Useful facts you need to know about Schaubühne Berlin

November 12, 2018
Tyson Wray
“Schaubühne don’t so much rip apart the rule-books of classic texts as they do burn them and scatter their ashes”
German theatre renegades Schaubühne Berlin are returning to Sydney with an Australian exclusive staging of Beware of Pity (Ungeduld des Herzens). It’s an adaptation of Austrian Stefan Zweig’s 1939 novel of emotional claustrophobia and guilt, back-dropped by an empire falling into disintegration, and the company’s first-ever co-production with Simon McBurney of London’s Complicité. 

Here are some conversation starters about one of Europe’s most esteemed troupes, to sprinkle in while you’re having a pre-show tipple and waiting for the house lights to darken.

They’re one of the world’s most prolific and globetrotting theatre companies.
Founded in 1962, with theatre giant Thomas Ostermeier as artistic director since 1999, Schaubühne Berlin premieres at least 10 productions per season at their German home-base, alongside over 100 performances abroad each year. 

Having staged works at the famed Salzburg Festival, Territorija Festival and Festival Internacional de Buenos Aires, they’ve also taken up residencies everywhere from New York to Paris, São Paulo to London, and Tel Aviv to Barcelona. Their core vision focuses on interpretations of classic works, with Bertolt Brecht’s The Good Person of Szechwan, Ödön von Horváth’s Italian Night and Albert Camus’ The Stranger all featuring in their current program.

However, they’re not welcome in China right now...
In September this year they were initially censored, and ultimately banned, from performing their production of Henrik Ibsen’s An Enemy of the People in China. Ibsen’s text, which deals with the manipulation of truth for public consumption, sees a lone scientist in a Kafkaesque struggle of morality against the government, as he learns the waters of the town’s famed spa and financial lifeblood are toxic. 

However, it’s Ostermeier’s interpretation of the famous town-meeting scene – where the actors open up the floor to the audience to air their grievances of their own administration – which struck a nerve on opening night in Beijing. 

“Immediately, they began talking about situations in China – about state corruption, freedom of speech, and people being killed,” Christoph Gawenda, who plays the lead scientist Dr. Stockmann, told Indy Week. “There was an extraordinary tension in the air.”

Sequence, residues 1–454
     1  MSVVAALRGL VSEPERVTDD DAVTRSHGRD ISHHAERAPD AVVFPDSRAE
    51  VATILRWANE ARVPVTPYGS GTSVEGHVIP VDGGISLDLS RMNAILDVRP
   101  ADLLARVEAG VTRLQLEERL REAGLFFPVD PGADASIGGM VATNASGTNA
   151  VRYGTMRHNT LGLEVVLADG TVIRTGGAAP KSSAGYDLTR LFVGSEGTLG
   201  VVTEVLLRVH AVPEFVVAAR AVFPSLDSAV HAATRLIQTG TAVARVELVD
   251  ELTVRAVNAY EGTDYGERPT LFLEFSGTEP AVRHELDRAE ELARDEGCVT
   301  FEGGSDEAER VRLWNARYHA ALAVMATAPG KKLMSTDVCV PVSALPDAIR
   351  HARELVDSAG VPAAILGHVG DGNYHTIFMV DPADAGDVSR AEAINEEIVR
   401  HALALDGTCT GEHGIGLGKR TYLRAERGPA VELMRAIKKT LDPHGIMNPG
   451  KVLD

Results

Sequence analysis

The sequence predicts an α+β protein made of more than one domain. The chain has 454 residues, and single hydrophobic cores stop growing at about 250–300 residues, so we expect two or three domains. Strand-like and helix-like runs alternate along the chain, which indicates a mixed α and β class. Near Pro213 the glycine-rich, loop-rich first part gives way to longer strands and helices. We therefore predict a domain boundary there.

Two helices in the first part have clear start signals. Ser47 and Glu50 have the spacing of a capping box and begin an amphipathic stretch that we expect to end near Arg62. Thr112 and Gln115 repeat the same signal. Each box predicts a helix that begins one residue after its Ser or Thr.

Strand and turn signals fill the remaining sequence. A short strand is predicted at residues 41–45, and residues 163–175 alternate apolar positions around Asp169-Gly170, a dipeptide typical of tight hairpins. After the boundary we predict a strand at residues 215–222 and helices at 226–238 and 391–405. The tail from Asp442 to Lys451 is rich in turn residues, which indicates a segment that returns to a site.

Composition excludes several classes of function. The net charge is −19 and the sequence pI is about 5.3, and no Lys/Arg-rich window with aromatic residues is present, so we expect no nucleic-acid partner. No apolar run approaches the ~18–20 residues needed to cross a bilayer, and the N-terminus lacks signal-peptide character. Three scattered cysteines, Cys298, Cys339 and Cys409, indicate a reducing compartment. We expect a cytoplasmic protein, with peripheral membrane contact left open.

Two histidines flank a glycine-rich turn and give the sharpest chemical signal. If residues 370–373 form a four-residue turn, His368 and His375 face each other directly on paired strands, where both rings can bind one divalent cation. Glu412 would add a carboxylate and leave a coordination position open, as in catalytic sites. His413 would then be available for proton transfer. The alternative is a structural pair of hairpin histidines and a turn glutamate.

...which is a real loss for Chinese theatre lovers.
A staple in Schaubühne’s worldwide touring repertoire, An Enemy of the People is one of the boldest and most inspired adaptations of Ibsen’s work – one that’s been met with universal acclaim since its debut in Avignon in 2012. Having since criss-crossed the globe – and visited Australia in 2012 as part of Melbourne Festival – Enemy is a perfect showcase of just why the group has become a worldwide phenomenon. 

Much like their radical and contemporary reinventions of Hedda Gabler (Melbourne Festival, 2011) and Hamlet (Sydney Festival, 2010), Schaubühne don’t so much rip apart the rule-books of classic texts as they do burn them and scatter their ashes at the Barbican. 

Their raging and revolutionary works, which are delivered with English surtitles, are only further galvanised by their masterful Teutonic delivery. Watch a trailer for An Enemy of the People below.

China aside, they’re no strangers to political controversy.
In 2017 the company chose to pull its production of Richard III from an international theatre festival in Istanbul, in reaction to "the arrests of many journalists, scientists and human rights activists," and the strained relationship between Berlin and Ankara. The Schaubühne believed they couldn’t guarantee the safety of their cast and crew, and thus abandoned their tour at short notice…much to the chagrin of Istanbul officials – the production had been sold out for many weeks in advance.

While it was first premiered in 2015, director Simon McBurney (The Encounter, Sydney Festival 2017) believes Schaubühne Berlin’s Beware of Pity has become “chillingly resonant” in the Trump era.

Zweig’s original text focuses on Europe in the 1930s, where he lived as a refugee. Speaking to The Guardian last year, McBurney explained that his adaptation, exploring imminent chaos and societal combustion, has grown eerily prescient. 

“The compulsive self-loathing of the central character Hofmiller coerced my attention. There is something repellently true about the power of his guilt to continue down the wrong path,” McBurney said. “And there is no doubt that a year and a half on from the original staging, the novel’s sense of unstoppable disaster has become chillingly resonant.”

Tyson Wray is a writer and editor who specialises in the arts. He has been published by The Age, Herald Sun, Time Out, Vice, triple j, and regrettably, Cleo.

Roslyn Packer Theatre
23 – 27 January

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